Jose Galvez. 

I would like to thank Professor Sorell. I especially thank those persons at the Wight 
Gallery who have created the CARA exhibit. They have given of their time and assisted 
with ideas and details of this exhibit and have reviewed the catalog. Those persons are: 
Edith A. Tonelli, director; Elizabeth Shepherd, curator; and Holly Barnet Sanchez and 
Marcos Sanchez-Tranquilino, CARA project coordinators. Any errors remain my own. 

James Davis and Lilace Hatayama have advised in all details of the exhibit. Simon 
Elliott arranged for reproductions for the catalog. Steve Kunishima and Ellen Watanabe 
printed the signs and posters. Paul G. Naiditch assisted in the editing and publication of 
the catalog. Judy Hale and Christopher Coniglio in UCLA Publication Services produced 
the catalog. 

The department thanks UCLA Chancellor Charles E. Young for his continued support 
of its publications. 

I would like to dedicate the work on this exhibit and the catalog to Onofre di Stefano, 
whose interest in these topics has long spurred my own. 




The mission statement o{ Chicano Art: Resistance and Affirmation (CARA), 1965-1985 

Chicano art is the modern, ongoing expression of the long-term cultural, economic and 
political struggle of the Mexicano People within the United States. It is an affirmation of 
the complex identity and vitality of the Chicano People. Chicano art arises from and is 
shaped by our experience in the Americas.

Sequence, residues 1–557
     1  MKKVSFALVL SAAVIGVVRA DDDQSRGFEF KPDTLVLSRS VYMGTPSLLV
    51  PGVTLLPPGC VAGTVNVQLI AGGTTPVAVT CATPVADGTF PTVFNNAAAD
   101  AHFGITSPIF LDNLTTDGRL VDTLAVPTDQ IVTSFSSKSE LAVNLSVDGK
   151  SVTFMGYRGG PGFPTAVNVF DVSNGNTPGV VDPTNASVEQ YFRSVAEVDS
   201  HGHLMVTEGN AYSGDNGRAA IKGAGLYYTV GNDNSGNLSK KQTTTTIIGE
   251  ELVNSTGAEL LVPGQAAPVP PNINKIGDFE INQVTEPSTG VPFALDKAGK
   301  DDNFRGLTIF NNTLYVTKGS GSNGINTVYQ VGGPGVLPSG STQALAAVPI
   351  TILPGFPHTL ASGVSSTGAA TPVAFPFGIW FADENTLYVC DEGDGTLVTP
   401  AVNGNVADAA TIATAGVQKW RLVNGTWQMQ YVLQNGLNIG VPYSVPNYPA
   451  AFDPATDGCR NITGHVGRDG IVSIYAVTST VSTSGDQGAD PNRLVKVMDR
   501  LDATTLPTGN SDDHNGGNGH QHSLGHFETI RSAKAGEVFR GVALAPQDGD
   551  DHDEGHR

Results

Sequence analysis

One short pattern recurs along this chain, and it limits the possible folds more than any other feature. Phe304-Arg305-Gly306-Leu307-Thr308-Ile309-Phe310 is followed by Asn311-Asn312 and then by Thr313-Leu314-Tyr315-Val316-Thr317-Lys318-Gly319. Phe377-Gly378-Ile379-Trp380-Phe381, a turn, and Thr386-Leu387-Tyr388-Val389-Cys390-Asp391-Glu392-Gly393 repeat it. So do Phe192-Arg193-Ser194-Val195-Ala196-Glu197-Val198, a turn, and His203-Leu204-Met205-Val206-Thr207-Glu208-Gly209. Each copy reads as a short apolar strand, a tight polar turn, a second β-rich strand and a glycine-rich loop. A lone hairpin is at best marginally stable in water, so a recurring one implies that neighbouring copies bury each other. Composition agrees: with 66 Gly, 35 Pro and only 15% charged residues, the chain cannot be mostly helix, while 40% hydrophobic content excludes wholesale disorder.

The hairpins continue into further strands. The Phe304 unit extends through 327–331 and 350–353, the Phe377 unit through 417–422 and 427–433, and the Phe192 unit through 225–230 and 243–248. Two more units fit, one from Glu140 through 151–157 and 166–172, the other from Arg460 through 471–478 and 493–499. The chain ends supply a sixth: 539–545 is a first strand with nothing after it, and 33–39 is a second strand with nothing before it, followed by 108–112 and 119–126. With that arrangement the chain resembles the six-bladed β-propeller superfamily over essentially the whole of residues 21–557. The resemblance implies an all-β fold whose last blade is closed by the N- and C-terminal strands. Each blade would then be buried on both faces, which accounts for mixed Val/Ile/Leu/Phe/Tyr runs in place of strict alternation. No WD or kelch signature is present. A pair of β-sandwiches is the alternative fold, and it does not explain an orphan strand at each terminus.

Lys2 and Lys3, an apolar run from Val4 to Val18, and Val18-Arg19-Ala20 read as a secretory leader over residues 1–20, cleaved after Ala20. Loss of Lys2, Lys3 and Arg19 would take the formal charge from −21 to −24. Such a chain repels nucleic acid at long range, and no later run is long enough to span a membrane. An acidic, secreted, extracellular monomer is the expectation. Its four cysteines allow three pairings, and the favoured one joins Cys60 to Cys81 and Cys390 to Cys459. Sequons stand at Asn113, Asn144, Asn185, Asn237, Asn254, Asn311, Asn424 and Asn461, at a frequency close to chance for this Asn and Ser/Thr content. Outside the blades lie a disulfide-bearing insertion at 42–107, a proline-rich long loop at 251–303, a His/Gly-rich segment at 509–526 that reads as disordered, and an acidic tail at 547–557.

The Pachuco Era focuses primarily on situations and events beginning in the late 1930s 
and culminating in the early 1940s, but with continuity and extension into the present. 
The exhibit relates Chicano artists' concerns and even inspiration to Chicano social history 
and the literature and art of el Movimiento, the Chicano movement. Examples of CARA 
themes pertinent to this exhibit are: 


Works of art dealing with issues of resistance to immigration policy, the Vietnam War, 
police relations, voters' rights, etc. 


Most Chicano art was created in and about the urban barrios or neighborhoods. Portraits 
of barrio residents and stylized "types" became important subject matter. Variations on the 
character of the pachuco in the familiar "zoot suit," a social prototype of Chicano resistance, 
were documented and transformed by artists, writers, and performers. This section is devoted 
to a presentation and examination of this imagery. 

These and other themes are fully developed in publications meshed with CARA. Terms 
alluded to — or given brief definitions — in The Pachuco Era are fully defined and given 
full context in CARA publications. The Pachuco Era gives brief contexts for further study 
through a display of material difficult to obtain or unique to the UCLA Library. 



^_^ J ' I I I 

_ I I I I I I 

I ' msniii im 

Los Angeles Daily News photograph. 1942. A report to a 1942 Los Angeles Grand Jury 
implied that Mexicans were like "wildcats." This supported the assumption that if a 
pachuco were detained, it would be "useless to turn him loose without having served a